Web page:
High performing schools have administrators who articulate a vision, help teachers grow professionally, and play a leading role in determining the school’s climate. Teschke (1996) puts forth some points for principals to follow. “Principal’s should assist teachers in maximizing their strengths, principals should develop collegiality and be proactive in the pursuit of the schools vision” (p.10). Therefore, the principal as part of school improvement team should be committed to allowing teachers and staff to gain new experiences on a daily basis. These experiences will allow all members of the school to develop a better understanding of their role in the school’s mission and vision. With a commitment to this process, schools with teachers who are empowered to become leaders, the focus of control changes from the principal to the teachers who directly impact the success of the students. Concepts that may be used to train staff to become more empowered are outlined on page 96 “Rethink, Rebuild, Rebound”:
Purpose is to stimulate dialogue among stakeholders of the teaching profession
What constitutes the knowledge, skills, and competencies that teachers need to assume leadership roles in their schools, districts, and the profession
Model standards are often used in the development of curriculum, professional development, and standards for such entities as school districts, states, professional organizations and institutions of higher education
These standards are designed to encourage professional discussion of what constitutes the full range of competencies that teacher leader possess
This form of leadership can be distinguished from, but work in tandem with, formal administrative leadership roles to support good teaching and promote student learning
Role of principal to inspire others towards collaboration and interdependence as they work toward a purpose to which they are deeply committed. The transformational leader delegates and surrenders power over people and events in order to achieve power over accomplishments and goal achievement.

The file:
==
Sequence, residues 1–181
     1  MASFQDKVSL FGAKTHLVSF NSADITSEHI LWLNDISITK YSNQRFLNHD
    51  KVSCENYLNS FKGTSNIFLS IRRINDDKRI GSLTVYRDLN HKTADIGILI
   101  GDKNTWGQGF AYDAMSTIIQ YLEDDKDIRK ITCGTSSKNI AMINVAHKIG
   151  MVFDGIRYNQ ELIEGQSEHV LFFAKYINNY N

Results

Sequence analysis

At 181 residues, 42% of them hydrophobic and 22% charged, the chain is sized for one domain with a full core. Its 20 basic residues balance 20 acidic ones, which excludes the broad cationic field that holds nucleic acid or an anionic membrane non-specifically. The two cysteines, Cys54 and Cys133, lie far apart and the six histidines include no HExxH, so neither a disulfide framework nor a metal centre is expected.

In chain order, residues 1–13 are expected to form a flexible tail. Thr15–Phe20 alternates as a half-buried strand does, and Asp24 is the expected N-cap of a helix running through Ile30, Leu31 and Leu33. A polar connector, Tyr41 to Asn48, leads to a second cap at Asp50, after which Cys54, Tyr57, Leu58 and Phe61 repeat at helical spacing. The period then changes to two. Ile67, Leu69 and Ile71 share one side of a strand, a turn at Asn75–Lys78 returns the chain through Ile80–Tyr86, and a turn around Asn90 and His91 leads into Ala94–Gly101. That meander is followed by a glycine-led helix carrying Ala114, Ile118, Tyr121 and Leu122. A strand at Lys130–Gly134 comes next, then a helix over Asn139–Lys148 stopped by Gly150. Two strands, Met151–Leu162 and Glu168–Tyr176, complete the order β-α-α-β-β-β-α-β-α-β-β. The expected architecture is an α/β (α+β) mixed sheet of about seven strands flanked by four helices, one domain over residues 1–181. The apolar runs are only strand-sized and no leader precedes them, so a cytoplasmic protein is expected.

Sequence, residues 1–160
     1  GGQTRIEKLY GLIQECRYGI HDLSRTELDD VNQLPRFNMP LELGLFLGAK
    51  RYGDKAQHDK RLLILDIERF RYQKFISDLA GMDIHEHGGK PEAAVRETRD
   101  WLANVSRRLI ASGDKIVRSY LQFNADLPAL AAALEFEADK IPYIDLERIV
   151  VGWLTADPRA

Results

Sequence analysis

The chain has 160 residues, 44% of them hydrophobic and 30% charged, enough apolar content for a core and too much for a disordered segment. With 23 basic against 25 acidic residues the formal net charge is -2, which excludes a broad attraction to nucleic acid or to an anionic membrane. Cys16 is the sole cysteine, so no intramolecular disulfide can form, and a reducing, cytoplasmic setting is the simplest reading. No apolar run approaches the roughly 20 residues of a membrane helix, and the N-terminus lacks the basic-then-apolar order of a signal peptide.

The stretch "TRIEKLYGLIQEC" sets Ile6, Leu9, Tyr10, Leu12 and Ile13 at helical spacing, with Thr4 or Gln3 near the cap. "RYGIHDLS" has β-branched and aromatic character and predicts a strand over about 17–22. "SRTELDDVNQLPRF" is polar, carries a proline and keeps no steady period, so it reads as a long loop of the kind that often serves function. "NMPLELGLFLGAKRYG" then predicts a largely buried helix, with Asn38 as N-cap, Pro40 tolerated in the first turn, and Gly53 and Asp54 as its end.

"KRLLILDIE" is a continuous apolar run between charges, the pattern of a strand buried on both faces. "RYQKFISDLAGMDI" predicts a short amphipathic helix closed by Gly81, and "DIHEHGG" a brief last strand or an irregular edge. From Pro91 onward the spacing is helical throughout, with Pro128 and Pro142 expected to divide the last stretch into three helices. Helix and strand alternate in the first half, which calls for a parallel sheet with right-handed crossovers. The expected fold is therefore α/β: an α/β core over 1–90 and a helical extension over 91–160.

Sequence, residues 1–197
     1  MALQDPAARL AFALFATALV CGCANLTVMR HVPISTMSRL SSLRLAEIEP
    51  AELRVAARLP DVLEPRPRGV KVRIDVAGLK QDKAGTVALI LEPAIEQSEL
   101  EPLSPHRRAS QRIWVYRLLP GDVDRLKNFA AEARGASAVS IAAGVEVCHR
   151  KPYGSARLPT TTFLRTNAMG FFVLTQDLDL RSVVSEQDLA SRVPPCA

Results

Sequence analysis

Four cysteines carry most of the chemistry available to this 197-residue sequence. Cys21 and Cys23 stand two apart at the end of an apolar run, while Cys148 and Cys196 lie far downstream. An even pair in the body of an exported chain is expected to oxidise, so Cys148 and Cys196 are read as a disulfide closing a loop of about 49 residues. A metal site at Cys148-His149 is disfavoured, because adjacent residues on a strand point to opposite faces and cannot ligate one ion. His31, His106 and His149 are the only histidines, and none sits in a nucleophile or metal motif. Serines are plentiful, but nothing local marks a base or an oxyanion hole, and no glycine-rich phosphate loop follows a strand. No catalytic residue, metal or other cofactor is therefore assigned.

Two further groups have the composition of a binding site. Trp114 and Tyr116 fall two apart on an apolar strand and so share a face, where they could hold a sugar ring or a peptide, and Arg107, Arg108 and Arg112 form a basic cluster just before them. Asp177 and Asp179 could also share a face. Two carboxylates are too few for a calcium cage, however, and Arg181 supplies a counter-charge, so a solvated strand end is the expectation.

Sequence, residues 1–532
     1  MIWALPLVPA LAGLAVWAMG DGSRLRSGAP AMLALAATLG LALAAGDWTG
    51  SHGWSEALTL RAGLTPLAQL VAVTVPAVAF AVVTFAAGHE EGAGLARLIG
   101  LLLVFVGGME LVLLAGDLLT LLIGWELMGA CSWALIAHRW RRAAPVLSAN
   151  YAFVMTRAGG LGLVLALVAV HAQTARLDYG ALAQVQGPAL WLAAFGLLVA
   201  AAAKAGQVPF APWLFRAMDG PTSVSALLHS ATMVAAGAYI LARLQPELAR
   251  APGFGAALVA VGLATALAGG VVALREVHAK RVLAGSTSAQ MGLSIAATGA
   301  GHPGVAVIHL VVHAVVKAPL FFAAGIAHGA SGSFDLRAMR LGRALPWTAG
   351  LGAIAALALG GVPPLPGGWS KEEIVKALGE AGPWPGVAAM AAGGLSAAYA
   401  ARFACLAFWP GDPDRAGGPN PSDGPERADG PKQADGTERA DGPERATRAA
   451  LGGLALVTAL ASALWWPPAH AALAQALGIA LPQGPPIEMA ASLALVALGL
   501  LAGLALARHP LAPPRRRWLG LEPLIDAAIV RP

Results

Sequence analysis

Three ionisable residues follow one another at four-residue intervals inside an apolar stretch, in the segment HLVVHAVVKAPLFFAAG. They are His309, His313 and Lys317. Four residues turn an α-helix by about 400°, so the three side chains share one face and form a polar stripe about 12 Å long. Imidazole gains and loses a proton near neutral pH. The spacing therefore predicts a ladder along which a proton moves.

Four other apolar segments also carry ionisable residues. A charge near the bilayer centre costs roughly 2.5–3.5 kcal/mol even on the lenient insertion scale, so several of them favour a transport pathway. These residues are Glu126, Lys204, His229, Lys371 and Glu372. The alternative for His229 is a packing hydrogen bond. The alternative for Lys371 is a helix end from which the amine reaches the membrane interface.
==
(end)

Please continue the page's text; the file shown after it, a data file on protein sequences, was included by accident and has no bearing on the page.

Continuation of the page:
With a commitment to this process, schools with teachers who are empowered to become leaders shifts the focus of control changes from the principal to the teachers who directly impact the success of the students.
Balls, J. D., Eury, A. D., & King, J. C. (2011). Rethink, Rebuild, Rebound: A framework for shared responsibility and accountability in education. (2nd ed.). Boston, MA: Pearson Learning Solutions.
Bolin, F. S. (1989). Empowering Leadership. Teachers College Record, 19(1), 81-96.
Goyne, J., Padgett, D., Rowicki, M.A., & Triplitt, T. (1999). The Journey to Teacher Empowerment, 1-13.
Leithwood, K.A. & Riehl, C. (2003). What We Know About Successful School Leadership. Philadelphia, PA: Laboratory for Student Success, Temple University, 1-12
Terry, M. P., (2000). “Empowering Teachers As Leaders”. University of Memphis, 1-8.
Teschke, S. (1996). Becoming a Leader of Leaders. Thrust for Educational Leadership, Bol. 26 Issue 2.
Whistaker, T. (2003) “What Great Principals Do Differently. 15 Things That Matter Most.” Eye on Education, 1-117.
Allen D Eury: Dean of School of Education at Gardner-Webb University Mark A. Snyder: Graduate Student at Gardner-Webb University Jeff Melton: Graduate Student at Gardner-Webb University Webb University
WHAT: International Arts & Music Festival hosted by Dillard
International Arts & Music Festival will feature entertainment, art and
cuisine representing every region of the world to provide the community with a
global understanding of arts, music and culture. To aid this effort the event
will be infused with local community organizations that provide global
knowledge and celebrate global cultures.
from the event will help provide scholarships for Dillard University students
studying abroad, and international students entering under provisional
admissions programs in the Department of International Students and Study
April 6, 2013
11am - 8pm
WHERE:Front Lawn at
2601 Gentilly Boulevard, New
The event is free and open to the
more information, please call (504) 816-4926.
Dillard University's mission is to
produce graduates who excel, become world leaders, are broadly educated,
culturally aware, and concerned with improving the human condition. Through a
highly personalized and learning-centered approach, Dillard's students are able
to meet the competitive demands of a diverse, global and technologically
Dillard Launches Inaugural International Arts & Music Festival April 6, 2013